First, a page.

Living With Limb Onset ALS

ChesterB

Member
Joined
Nov 19, 2019
Messages
23
Reason
PALS
Diagnosis
10/2019
Country
US
State
NC
City
Bessemer City
It's been almost three years since my diagnosis and I've been doing okay up until now. I've lost most of the use of my right hand, and my left hand seems to be growing weaker and losing dexterity and coordination. I'm at the point where all the adaptive dressing aids and eating utensils aren't much help. This couldn't happen at a worse time for me as, at the age of sixty-eight, I'm still working full-time because (1) I'm up to my neck in debt, and (2) I don't want to give up and just sit around. I'm growing frustrated and angry and well, I just don't know what to do. Is anyone else been through these circumstances or felt this way?
 

KimT

Extremely helpful member
Forum Supporter
Joined
Nov 18, 2014
Messages
4,306
Reason
PALS
Diagnosis
08/2015
Country
US
State
South
City
The Beach
Hi Chester,

I think most of us have had some sort of trying time with ALS. What type of work do you do? If I look back I have to say I wish I had worked longer. The diagnosis scared me, I was alone, and the timeline for the course of the disease made me think I didn't have long. So I ended up taking my pension in a lump sum. Well, the breakeven has passed and I'm still here. Of course, that's good news but I do worry about finances. Being a CPA that's embarrassing but when I transitioned to college professor my intent was to work until I was 65. I went out on disability when I was 60. I'll be 67 this month.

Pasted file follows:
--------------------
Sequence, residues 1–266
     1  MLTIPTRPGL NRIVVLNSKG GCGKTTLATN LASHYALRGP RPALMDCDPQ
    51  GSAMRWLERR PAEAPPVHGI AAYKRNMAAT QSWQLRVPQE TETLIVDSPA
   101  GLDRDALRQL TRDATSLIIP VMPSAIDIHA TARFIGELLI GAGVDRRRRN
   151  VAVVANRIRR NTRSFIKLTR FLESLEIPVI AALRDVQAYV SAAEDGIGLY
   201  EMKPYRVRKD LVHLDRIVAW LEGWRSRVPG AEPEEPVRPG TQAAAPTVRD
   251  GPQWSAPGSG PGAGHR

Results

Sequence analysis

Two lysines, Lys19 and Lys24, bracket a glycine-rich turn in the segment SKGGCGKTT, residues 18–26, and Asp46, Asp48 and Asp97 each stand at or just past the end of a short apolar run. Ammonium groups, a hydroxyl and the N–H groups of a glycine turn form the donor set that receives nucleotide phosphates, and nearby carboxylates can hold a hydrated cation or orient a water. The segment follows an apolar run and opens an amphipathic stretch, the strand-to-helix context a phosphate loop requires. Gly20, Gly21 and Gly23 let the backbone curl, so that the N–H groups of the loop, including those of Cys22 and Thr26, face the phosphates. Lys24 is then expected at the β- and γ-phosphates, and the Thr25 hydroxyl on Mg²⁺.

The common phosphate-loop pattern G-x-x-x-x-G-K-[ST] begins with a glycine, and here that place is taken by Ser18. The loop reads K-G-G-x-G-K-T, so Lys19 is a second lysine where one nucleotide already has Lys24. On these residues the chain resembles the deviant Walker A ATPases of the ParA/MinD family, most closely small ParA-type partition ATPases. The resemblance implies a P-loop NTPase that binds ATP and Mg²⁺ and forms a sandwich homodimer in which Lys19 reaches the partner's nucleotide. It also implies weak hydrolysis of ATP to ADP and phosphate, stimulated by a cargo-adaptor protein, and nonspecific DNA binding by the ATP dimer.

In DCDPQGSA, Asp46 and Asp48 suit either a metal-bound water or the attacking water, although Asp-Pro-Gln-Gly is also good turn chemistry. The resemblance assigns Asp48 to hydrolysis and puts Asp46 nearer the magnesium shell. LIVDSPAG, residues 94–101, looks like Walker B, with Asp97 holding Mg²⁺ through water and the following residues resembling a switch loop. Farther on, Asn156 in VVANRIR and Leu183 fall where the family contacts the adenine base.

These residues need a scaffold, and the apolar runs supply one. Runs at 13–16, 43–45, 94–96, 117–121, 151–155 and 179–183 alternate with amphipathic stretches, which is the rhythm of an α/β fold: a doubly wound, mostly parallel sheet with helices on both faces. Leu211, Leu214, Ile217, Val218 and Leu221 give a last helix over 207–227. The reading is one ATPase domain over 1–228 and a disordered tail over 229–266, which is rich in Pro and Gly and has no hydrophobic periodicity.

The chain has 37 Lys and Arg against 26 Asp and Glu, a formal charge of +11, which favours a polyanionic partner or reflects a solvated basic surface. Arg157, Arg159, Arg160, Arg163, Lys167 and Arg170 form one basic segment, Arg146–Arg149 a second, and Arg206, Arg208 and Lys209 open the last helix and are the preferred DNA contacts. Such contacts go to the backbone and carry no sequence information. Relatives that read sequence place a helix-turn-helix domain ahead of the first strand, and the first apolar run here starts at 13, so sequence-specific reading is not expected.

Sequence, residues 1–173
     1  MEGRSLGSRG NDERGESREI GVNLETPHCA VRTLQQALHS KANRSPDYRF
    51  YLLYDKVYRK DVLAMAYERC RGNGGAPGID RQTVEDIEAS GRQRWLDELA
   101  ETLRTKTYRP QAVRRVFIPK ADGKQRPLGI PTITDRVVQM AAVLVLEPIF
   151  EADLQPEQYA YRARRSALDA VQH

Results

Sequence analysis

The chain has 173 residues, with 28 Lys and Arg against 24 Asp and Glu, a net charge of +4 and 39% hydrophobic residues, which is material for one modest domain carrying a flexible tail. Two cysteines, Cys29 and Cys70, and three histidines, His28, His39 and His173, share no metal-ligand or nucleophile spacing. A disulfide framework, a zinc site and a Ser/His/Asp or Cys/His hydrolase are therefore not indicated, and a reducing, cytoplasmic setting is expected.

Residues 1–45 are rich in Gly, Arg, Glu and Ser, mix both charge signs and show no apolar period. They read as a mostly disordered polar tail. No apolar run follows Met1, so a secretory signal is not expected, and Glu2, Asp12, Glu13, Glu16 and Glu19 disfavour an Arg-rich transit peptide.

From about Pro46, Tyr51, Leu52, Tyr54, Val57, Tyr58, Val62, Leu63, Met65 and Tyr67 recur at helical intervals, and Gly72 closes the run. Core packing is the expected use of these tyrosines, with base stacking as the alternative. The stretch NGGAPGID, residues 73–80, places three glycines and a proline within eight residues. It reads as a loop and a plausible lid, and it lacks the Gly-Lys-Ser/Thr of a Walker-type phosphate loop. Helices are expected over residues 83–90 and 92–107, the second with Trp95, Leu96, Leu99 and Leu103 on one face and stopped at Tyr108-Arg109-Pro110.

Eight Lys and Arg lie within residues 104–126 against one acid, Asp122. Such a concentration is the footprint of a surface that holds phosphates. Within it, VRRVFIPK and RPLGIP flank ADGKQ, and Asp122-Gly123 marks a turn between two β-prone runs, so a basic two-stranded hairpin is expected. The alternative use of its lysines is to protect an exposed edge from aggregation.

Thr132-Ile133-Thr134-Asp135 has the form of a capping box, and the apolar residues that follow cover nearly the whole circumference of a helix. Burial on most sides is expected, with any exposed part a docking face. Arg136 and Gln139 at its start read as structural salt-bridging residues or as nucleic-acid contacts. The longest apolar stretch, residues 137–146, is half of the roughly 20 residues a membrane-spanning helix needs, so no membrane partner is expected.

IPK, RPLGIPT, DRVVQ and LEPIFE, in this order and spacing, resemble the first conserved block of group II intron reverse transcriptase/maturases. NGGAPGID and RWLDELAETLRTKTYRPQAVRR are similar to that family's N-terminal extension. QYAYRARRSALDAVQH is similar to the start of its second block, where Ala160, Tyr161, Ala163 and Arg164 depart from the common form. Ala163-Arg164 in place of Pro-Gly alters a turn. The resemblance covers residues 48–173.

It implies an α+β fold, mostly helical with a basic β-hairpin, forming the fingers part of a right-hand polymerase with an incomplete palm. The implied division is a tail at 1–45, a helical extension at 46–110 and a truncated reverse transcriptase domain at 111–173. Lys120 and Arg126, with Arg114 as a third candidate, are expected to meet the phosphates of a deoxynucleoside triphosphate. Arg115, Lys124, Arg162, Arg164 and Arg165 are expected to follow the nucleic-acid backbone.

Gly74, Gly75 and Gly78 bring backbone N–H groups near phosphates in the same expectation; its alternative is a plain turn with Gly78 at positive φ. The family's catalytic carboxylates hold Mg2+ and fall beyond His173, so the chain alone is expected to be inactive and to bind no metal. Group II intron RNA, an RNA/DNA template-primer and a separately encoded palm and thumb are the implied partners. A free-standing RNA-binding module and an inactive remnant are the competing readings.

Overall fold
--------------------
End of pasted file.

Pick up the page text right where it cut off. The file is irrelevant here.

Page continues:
I often wonder who will be here to help me when I'm unable to help myself. I did sell my house and bought a condo with a friend. We have a mortgage but with two of us it is much cheaper than renting and we got it when the prices of homes were much lower.

If you want to communicate with me about your financial situation and get an opinion just send me a private message. I'll be glad to address your options regarding debt, combining your Social Security with earned income, and other financial issues.